Voted in the critics poll
|Brief Encounter||1945||David Lean|
|Citizen Kane||1941||Orson Welles|
|Four Horsemen of the Apocalypse, The||1920||Rex Ingram|
|Night of the Hunter, The||1955||Charles Laughton|
|Pepe Le Moko||1937||Julien Duviver|
|Red Shoes, The||1948||Michael Powell/Emeric Pressburger|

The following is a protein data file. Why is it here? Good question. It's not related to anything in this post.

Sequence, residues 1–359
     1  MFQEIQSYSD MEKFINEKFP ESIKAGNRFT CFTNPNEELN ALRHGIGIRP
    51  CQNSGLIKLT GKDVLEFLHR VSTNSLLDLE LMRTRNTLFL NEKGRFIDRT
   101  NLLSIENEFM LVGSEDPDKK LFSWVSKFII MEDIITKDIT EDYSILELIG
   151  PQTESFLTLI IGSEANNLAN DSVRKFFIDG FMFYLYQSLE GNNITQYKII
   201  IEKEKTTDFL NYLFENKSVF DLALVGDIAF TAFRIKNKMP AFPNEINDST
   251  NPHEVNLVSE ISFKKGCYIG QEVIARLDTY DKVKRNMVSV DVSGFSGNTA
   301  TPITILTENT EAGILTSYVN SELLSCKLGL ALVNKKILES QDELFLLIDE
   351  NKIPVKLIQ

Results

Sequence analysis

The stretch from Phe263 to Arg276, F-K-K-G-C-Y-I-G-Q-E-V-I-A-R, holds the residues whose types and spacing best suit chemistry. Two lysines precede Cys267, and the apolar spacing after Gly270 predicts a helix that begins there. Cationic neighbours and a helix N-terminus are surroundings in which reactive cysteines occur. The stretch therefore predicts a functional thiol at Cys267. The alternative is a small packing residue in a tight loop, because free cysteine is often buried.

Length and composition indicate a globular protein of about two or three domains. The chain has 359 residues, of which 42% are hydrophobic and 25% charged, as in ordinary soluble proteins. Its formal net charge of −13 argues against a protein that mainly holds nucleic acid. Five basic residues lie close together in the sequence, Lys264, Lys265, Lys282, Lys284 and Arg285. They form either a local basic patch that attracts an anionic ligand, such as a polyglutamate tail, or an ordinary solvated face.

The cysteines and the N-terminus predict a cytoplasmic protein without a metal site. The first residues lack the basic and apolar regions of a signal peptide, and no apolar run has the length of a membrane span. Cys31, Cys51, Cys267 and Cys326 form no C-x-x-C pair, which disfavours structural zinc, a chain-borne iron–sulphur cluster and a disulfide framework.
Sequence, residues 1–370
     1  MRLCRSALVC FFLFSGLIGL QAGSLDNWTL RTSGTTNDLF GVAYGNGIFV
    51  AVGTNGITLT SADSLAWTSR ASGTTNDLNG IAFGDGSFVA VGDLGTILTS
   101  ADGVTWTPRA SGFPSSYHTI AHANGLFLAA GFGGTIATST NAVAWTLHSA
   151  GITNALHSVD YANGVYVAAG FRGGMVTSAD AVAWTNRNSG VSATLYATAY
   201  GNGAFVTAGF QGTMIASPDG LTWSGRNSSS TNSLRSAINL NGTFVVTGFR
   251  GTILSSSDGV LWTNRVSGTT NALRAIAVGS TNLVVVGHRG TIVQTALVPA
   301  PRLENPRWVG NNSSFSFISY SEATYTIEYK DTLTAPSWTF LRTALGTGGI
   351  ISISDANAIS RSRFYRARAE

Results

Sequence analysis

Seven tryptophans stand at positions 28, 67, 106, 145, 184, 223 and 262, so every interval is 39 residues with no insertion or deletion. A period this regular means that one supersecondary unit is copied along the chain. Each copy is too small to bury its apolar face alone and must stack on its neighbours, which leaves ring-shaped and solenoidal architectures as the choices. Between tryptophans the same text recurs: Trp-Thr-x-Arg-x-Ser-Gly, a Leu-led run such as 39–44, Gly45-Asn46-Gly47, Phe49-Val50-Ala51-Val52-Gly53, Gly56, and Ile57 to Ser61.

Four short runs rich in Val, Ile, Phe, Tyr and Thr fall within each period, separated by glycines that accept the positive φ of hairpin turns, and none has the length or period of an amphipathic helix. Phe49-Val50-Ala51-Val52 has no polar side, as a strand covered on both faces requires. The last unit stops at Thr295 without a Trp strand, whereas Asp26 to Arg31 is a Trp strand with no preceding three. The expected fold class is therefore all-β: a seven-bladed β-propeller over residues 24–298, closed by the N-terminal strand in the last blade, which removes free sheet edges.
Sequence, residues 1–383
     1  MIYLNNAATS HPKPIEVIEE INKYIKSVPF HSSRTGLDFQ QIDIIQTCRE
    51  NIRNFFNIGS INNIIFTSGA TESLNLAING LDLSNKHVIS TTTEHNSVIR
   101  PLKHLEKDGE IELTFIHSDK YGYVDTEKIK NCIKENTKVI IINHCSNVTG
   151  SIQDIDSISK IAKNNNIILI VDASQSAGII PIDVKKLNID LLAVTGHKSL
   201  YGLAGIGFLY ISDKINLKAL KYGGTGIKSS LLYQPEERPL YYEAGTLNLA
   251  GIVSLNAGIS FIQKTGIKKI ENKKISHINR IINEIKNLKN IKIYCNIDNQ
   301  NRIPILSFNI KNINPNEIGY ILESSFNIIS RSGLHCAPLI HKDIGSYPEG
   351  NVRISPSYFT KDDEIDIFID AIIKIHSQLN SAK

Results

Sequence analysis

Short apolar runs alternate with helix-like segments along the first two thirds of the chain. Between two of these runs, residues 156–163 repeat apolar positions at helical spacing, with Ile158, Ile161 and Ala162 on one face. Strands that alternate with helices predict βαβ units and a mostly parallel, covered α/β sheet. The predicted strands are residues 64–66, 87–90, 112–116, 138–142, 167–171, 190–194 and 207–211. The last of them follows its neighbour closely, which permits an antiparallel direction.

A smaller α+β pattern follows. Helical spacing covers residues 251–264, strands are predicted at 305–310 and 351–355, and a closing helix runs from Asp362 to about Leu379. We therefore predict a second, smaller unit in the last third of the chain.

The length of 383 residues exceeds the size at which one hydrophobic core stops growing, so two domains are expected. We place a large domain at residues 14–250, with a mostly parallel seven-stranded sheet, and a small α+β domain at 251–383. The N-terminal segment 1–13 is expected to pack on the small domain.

My choice was guided firstly by my own taste, most of all for a visual cinema that offers, through its images, pleasures of a kind that invite you to return over and again to them. I also selected films that seemed to me to have made a difference, artistically, historically, politically. Rex Ingram’s brilliant transposition of Ibanez’s best-selling anti-war novel made a star of Valentino and of its young director. It’s still extraordinary, still being performed live with an orchestra, still drawing in new audiences. At the other end of the list, chronologically speaking, Kiarostami abandoned his 35mm camera for digital technology and created an ensemble piece of intimacy, anger and energy. Political filmmaking had found a new language.